Within the Education and Advocacy branch, three aspects provide a thorough grounding in the essential components of the program.
• Core Colleague Training
A three-week “experience-based learning environment” allows program staff to define and explain how to understand and execute the concepts of the model. Participants receive an orientation to Fountain House’s model for volunteers, board members, and donors who do not engage in direct service to members.
• Focused Workshops
In one-week workshops that teach leadership, employment, and the work-ordered day, the Center for Leadership and Education offers training in regional areas to promote collaboration and connectivity. The outreach enhances opportunities for fundraising and advocacy campaigns, and trainers may conduct the workshops in the language of a region.
The follow-up procedures after the workshops include the establishment of networks through regular teleconferences to build teams that can support each other. Teams that attend the Core Colleague Training sessions may have access to three-day consultations to reinforce the strengths that sustain them. Visits by the faculty of the Center for Leadership and Education provide guidance in self-assessment and direction of program development. A targeted program for new directors allows them to receive executive coaching sessions for a fee.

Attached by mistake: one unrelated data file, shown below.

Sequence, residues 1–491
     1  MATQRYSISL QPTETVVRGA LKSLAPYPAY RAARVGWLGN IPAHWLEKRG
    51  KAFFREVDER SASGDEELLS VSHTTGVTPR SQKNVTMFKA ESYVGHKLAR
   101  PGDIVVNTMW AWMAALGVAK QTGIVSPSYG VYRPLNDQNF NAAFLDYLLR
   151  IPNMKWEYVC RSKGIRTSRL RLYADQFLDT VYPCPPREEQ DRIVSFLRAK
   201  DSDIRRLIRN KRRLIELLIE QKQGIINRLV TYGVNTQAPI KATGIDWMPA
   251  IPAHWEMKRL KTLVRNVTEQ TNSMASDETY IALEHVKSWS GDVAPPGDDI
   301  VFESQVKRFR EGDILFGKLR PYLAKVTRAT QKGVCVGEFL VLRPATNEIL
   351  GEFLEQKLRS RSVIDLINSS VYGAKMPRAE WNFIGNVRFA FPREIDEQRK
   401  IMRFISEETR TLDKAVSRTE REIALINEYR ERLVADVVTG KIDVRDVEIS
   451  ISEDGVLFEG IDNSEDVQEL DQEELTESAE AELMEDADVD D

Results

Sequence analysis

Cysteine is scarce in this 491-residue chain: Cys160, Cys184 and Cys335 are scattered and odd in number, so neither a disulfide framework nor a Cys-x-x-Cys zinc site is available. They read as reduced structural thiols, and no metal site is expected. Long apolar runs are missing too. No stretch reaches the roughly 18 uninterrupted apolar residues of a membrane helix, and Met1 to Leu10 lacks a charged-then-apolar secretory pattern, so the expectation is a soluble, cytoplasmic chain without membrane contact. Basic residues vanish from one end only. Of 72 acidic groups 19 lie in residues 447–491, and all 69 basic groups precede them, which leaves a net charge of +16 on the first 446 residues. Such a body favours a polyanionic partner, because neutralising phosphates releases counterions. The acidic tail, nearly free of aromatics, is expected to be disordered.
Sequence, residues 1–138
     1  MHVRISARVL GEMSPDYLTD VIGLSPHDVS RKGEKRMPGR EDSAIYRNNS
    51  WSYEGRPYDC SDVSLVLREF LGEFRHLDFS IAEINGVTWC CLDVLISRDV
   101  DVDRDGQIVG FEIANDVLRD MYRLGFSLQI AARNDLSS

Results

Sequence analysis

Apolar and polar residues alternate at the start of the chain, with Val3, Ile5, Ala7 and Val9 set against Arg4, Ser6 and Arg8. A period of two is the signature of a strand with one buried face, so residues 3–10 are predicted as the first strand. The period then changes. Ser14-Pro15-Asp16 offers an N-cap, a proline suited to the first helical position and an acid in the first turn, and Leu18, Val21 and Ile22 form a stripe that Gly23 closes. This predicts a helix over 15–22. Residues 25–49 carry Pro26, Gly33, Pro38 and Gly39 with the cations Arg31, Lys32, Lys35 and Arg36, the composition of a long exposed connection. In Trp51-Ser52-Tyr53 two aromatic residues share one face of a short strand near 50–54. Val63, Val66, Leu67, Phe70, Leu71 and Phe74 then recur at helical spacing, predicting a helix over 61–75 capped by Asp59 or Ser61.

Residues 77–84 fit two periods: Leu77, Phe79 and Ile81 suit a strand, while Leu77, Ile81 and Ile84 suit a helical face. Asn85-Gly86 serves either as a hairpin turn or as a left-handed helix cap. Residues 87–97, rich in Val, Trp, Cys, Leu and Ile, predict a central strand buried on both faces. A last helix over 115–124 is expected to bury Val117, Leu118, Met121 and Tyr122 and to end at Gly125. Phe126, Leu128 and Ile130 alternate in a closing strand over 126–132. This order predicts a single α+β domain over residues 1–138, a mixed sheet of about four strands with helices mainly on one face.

Conducting the Research
An annual symposium takes place at an international venue and continues the tradition that started in 2008 to promote the community recovery model. The symposium focuses on topics that explore the central concepts of the organization, including academic internships, employment, and integrated health care. The outcome of the symposium consists of the development of new practices, regular meetings of global researchers, journals, and books, all of which reflect the vital work of Fountain House.